The good civil servants

2016-04-23 11:30

Citizens all over Africa complain about officials who line their pockets rather than render a service. But some public servants swim upstream and try their best to do a good job. An investigation by the African Investigative Publishing Collective, highlights some civil servant heroes. 


Ndidi Okafor

Just into a new job at the Nigerian elections commission, Inec, Okafor had to fight a ghost. In “her” ward in the Ekiti state elections in 2009, a Mrs Alamu was appointed as elections monitor. But Okafor knew that Mrs Alamu was dead.

Raising the matter with her boss didn’t help, at first; Okafor was told not to ask so many questions. She insisted and, in the end, a live supervisor was appointed. But then the voter register disappeared.

Just manage the situation, her boss said. Baffled, she asked how one could “manage” elections without a voter register. Once again her insistence paid off and a manual voter register was produced.

By now it was clear that someone didn’t want real election results from that ward in Ekiti.

On voting day, April 25 2009, the presiding officer and the poll clerk were briefly kidnapped by thugs, who also carried away the ballot papers.

Voting was impossible.

Nevertheless, Okafor’s bosses asked her to “write out” its elections results. When she refused, she was told that “Commissioner Chukwani” (the head of the legal and personnel department at Inec’s head office in Nigeria’s capital, Abuja) “was not going to be happy with you”. Telephonic threats ensued and Okafor had to be escorted to and from her office by police for a few days.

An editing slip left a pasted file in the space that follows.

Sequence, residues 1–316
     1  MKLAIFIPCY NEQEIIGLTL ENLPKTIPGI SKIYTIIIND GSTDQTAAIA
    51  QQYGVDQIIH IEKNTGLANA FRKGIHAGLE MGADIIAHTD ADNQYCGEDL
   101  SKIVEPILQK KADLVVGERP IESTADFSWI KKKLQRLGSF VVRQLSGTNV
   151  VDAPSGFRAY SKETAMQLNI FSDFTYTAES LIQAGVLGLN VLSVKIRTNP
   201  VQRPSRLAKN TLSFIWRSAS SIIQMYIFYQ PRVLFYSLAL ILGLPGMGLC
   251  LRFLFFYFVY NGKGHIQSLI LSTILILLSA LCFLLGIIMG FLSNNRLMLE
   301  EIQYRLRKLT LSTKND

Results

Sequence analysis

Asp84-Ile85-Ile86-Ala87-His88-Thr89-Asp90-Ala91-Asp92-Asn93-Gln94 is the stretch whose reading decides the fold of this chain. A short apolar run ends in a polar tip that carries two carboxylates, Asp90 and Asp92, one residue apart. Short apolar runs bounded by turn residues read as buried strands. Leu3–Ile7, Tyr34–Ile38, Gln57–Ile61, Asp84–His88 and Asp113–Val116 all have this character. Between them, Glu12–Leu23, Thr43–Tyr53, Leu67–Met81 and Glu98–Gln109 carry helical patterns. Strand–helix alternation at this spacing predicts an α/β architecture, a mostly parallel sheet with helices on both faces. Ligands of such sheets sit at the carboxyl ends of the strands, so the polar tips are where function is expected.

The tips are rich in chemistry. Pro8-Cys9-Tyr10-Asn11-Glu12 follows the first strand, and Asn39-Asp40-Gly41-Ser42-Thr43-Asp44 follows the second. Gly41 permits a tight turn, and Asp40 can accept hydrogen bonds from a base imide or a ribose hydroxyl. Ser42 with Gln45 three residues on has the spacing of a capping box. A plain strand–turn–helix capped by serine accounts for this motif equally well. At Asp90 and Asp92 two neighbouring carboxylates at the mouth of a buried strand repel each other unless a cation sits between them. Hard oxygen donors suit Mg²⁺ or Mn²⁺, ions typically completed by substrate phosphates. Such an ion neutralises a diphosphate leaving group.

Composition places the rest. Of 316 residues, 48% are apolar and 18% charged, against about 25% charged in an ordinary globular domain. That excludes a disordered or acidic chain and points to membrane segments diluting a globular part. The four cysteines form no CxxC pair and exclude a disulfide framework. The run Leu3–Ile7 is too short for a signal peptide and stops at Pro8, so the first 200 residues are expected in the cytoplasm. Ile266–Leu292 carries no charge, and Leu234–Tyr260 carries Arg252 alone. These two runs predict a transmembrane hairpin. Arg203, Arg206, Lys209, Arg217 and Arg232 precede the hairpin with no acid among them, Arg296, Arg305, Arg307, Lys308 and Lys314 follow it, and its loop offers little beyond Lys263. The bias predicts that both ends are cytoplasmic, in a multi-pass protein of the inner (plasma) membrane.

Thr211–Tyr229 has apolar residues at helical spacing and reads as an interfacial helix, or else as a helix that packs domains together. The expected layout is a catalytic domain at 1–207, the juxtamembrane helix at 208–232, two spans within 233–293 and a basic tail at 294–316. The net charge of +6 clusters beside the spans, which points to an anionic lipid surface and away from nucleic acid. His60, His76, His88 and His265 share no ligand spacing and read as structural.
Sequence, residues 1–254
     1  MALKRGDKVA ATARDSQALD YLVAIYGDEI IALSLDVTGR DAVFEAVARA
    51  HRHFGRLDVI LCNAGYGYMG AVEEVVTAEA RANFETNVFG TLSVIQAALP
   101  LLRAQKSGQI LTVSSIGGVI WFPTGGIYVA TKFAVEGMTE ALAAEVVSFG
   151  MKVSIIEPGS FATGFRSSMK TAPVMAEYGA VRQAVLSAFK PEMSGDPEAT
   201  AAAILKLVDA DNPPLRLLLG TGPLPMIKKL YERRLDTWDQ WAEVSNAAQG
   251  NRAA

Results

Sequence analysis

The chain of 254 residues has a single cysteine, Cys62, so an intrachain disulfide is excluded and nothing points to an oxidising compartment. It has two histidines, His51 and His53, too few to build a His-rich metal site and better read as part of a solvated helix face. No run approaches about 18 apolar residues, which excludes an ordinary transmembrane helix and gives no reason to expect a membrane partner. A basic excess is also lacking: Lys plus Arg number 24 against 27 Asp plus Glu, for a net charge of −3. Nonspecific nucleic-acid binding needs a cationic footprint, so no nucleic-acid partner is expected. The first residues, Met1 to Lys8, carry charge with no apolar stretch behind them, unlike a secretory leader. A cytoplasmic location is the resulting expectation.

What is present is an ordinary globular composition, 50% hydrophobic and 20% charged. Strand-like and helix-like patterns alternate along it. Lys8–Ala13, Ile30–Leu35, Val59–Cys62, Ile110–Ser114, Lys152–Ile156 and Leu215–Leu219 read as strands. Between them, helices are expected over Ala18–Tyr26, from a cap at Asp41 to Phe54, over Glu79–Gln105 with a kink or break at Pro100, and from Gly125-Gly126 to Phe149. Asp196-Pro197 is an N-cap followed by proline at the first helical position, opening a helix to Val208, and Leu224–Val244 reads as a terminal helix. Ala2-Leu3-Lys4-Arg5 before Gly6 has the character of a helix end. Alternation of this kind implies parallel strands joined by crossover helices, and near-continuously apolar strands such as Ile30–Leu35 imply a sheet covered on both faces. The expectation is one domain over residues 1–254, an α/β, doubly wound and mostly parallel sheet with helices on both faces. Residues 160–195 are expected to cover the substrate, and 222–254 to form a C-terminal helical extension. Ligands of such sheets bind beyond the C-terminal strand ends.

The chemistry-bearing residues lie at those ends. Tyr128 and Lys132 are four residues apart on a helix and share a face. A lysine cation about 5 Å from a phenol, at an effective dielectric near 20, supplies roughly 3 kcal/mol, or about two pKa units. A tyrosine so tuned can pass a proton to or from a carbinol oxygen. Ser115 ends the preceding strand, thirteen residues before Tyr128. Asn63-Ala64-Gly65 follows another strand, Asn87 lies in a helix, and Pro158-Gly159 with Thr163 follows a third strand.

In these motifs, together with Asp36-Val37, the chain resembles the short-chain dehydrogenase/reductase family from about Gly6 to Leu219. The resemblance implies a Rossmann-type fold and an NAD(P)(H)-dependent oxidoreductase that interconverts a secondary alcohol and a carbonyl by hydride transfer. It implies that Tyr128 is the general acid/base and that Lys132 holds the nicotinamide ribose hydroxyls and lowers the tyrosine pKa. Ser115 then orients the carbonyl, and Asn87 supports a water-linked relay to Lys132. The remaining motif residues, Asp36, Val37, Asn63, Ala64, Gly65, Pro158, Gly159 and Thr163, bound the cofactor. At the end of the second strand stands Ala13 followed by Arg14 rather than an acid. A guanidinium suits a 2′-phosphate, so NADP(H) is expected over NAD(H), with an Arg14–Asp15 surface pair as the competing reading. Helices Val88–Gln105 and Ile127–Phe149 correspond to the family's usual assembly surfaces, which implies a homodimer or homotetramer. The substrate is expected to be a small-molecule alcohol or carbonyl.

Then came the last straw. Expecting the election results from the state capital, Ado-Ekiti, she was told that “the votes had been destroyed in a fire” and that she should “generate fresh ones”.

Okafor openly stated that she “would never falsify election results”.

Besides the impossibility of “generating fresh results”, there had not been a fire in the Ado-Ekiti voting station, and everybody knew it.

Okafor was transferred to the rural Plateau State for her “disloyalty”, only to find that there was rigging there too. After refusing a $15 000 (R218 000) bribe to remove a certain ethnic group from the voters’ roll – “these are not our people”, the bribe-offering senator said – her car was shot at.

Finally, and thankfully, a new superior officer at Inec, Professor Attahiru Jega, was appointed in 2011.

He instituted an inquiry and promoted Okafor to deputy director. Elections management improved, even more so after President Muhammadu Buhari was elected last year.

Elections in Nigeria are now undertaken with technological help (voter cards and fingerprint systems) to make them more reliable.

A new recruitment policy focuses on attracting not just people with diplomas, but those with the right values and dedication. In short, the system is now looking out for the Ndidi Okafors.

Professor James Omole


Professor Omole had an interesting reputation at the University of Abuja, where he taught English literature: he would simply not entertain any offers of sex made to him by female students.

Obtaining a degree by sleeping with your professor was
very common: not just in Abuja but at many universities throughout Nigeria.

But Omole and a few of his colleagues felt that this practice was spreading rot not just in academic life but all over Nigeria.

“Such students know nothing, but they are unleashed on society as graduates,” he used to say.

Omole, supported by his like-minded colleagues, took the matter up with the university’s senate in 2011. His letter went unanswered for a year.

Like in many other areas of Nigerian life, every promotion, graduation or perk depended on “payments” to the person who had the power to dish out the favours. The vice-chancellor at the time was notorious for presiding over such a system.